Hawaiian barbecue fusion restaurant, Shootz, opens at Uptown Commons

A new restaurant serving up Hawaiian-inspired fare recently opened in North Long Beach at the outdoor dining center Uptown Commons.

The new restaurant, Shootz, celebrated its grand opening last weekend, where first-time patrons were greeted by hula dancers, a live DJ and a two-hour wait for its Hawaiian fusion food, which features Hawaiian barbeque mainstays such as loco moco (white rice, burger patty, topped with a fried egg and gravy) and creative takes on big island staples like the sweet Spam Brûlée musubi.

“It was a long line, but it was a really good turnout,” said co-founder Michael Dancel.

It’s also been a good year for the company, which opened its second location at the Rodeo X Public Market in Ontario this past March (the first opened in October 2020 at the Stanton food hall Rodeo 39).

Dancel said he and co-founders Harold Walters, Christian Solomona and Nolan Perez had been eyeing Long Beach for their third Southern California location for quite some time, but ultimately settled in North Long Beach because they felt their concept would work well at Uptown Commons, which already features several fusion food restaurants at its locale.

Michael Dancel (center), Harold Walters (left), Christian Solomona (back) and Noal Perez (right) are the owners of Shootz. Courtesy photo.

The partnership behind Shootz was a long time coming, Dancel said, since the guys have been friends for over a decade after they met playing basketball at a park in Riverside. With each of their own respective backgrounds in the hospitality industry, Dancel would often rope in his friends to help him open other food concepts, including the Asian-fusion food restaurant Madbun in Chino Hills.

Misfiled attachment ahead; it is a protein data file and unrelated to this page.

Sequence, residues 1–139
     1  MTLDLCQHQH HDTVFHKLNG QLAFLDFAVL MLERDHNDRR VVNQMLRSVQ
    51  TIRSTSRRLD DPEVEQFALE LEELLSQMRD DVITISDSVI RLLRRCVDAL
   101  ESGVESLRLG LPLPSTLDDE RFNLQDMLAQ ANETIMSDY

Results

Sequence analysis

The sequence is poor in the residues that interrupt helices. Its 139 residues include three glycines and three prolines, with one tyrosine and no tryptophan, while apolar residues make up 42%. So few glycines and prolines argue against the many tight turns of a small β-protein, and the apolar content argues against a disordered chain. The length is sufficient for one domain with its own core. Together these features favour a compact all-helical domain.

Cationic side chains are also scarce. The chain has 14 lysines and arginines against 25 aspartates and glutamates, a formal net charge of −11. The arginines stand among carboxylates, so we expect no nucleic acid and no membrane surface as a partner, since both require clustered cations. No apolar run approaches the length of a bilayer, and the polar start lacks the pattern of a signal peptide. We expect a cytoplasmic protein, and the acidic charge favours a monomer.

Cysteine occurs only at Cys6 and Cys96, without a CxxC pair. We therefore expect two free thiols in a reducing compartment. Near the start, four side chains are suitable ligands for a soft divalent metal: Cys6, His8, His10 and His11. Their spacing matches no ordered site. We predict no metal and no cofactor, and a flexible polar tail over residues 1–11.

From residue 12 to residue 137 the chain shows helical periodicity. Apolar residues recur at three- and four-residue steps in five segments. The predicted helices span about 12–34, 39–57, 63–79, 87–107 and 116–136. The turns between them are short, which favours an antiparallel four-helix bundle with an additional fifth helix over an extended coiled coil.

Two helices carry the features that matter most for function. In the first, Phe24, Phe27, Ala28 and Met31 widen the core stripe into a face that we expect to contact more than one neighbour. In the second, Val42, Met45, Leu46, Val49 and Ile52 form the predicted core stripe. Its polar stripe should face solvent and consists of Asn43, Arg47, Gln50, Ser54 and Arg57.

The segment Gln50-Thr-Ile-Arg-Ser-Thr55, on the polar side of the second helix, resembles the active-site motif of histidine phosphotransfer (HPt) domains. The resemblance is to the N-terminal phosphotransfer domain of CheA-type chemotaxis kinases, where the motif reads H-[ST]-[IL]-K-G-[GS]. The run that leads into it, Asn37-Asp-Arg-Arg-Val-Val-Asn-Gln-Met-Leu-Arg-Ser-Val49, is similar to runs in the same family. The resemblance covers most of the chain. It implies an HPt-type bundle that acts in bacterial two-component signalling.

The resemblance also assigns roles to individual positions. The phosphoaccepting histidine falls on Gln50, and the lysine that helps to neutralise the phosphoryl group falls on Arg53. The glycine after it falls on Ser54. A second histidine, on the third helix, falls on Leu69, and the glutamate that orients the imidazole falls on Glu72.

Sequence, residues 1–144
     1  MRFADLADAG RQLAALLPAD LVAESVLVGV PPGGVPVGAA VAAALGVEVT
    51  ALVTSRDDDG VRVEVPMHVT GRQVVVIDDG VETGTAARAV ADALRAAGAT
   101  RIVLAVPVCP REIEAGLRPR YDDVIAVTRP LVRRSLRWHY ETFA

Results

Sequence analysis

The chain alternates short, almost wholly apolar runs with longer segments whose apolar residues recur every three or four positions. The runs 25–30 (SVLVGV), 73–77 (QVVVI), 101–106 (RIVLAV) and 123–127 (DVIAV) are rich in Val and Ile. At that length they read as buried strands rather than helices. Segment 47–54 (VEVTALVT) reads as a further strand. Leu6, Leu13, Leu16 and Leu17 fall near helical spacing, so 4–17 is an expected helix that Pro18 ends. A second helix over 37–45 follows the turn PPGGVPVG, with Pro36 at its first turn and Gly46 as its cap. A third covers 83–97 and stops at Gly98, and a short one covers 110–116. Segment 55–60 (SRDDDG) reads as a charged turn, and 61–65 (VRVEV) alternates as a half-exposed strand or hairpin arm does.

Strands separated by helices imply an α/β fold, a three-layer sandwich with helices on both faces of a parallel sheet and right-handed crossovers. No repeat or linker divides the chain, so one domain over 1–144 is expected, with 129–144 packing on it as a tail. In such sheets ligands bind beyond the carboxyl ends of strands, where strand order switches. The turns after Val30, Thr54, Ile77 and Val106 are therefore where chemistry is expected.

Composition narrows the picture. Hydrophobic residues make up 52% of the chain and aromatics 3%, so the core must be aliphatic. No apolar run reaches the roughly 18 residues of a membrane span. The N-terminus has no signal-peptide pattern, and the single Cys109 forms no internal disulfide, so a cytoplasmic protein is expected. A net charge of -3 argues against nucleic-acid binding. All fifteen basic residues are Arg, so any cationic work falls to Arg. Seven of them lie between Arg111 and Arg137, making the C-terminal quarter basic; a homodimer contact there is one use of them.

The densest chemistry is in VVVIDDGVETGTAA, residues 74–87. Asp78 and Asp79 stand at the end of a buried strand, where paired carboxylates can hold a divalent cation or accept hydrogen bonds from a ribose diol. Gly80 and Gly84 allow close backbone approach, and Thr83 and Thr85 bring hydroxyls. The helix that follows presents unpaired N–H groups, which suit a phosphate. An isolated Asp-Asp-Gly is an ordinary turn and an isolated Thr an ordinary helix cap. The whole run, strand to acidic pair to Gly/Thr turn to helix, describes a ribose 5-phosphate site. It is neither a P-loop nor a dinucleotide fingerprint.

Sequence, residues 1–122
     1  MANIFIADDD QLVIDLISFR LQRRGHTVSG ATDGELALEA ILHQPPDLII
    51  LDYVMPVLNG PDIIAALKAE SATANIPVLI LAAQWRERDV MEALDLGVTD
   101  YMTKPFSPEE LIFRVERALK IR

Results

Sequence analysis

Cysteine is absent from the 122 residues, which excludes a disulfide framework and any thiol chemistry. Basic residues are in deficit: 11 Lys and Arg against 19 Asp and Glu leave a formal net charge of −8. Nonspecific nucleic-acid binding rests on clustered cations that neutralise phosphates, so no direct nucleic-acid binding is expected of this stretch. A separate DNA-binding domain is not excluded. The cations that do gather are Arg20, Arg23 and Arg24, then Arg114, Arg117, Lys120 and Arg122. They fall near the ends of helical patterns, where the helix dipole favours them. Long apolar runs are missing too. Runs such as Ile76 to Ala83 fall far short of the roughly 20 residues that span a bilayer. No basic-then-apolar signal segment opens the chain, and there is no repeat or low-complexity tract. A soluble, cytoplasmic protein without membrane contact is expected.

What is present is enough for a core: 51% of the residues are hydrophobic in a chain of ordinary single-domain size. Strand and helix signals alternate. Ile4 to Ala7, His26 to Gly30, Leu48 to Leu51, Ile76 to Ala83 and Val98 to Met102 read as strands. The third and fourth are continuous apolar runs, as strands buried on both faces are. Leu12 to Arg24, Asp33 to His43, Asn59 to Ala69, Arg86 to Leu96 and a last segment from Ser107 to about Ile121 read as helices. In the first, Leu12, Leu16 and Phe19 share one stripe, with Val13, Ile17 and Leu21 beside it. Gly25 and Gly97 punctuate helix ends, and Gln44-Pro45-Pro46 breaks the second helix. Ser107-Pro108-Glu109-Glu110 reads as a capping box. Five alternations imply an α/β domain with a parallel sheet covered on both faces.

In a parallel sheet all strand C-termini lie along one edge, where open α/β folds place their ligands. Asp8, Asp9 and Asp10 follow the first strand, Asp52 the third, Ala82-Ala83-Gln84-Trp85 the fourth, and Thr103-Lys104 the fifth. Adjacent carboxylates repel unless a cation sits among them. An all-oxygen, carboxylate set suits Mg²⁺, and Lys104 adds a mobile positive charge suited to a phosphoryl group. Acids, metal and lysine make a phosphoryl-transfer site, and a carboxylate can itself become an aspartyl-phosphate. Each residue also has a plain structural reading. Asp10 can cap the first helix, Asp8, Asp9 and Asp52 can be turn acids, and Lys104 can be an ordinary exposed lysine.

When the four finally came together to open their own restaurant, they landed on a Hawaiian food concept because they saw the potential to infuse some of their own cultural food traditions into popular Hawaiian cuisine.

“We all have islander backgrounds,” Dancel said. “We’re Filipino, Samoan, Guamanian. And Harold, I think his grandparents were from Hawaii. We’re just taking our roots, our experiences and our love for Hawaiian cuisine and meshing flavors.”

Hawaiian cuisine is already marked by distinct cultural influences from its long history of settlement and immigration into the Hawaiian Islands. Though musubi is widely understood to be a Hawaiian invention, it’s made from an American-made meat product and wrapped in the Japanese traditions of onigiri, with rice and nori, or thin strips of dried seaweed. And lest we forget that chicken katsu, a fixture of Hawaiian barbecue, is a fried invention of Japan.

Shootz plays up on the spirit of invention by fusing other distinct Asian flavors to the mix. Their most popular item on the menu, the kimchi butter katsu chicken, is a bright nod to Korea’s popular spicy fermented vegetable dish.

The kimchi butter katsu chicken plate from Shootz. Courtesy photo.

Other influences are more subtle. The Spam Brûlée musubi, Dancel explained, was inspired by a glazed ham musubi his high school friend’s father would make.

“It’s a Filipino way of doing things,” Dancel said.

The honey coconut shrimp musubi (left) and Spam Brûlée musubi. Courtesy photo.

A couple of trips to Shootz would be enough to try the entire menu, which is intentionally small and quality-focused. There are four main plates served with two sides: the kimchi butter katsu chicken (which can also be served as sandwich), loco moco, short ribs and jalapeno garlic shrimp. There are also two musubi dishes, the Spam Brûlée musubi and honey coconut shrimp musubis and three sides dishes, including a popular macaroni salad.

Shootz is open from 2 to 9 p.m. every day at Uptown Commons; 6600 Atlantic Ave., unit A.

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Cheantay Jensen is reporter and award-winning videographer who covers entertainment, art, food and culture for the Hi-lo section of the Long Beach Post. And sometimes breaking news, you know, just to keep things interesting.
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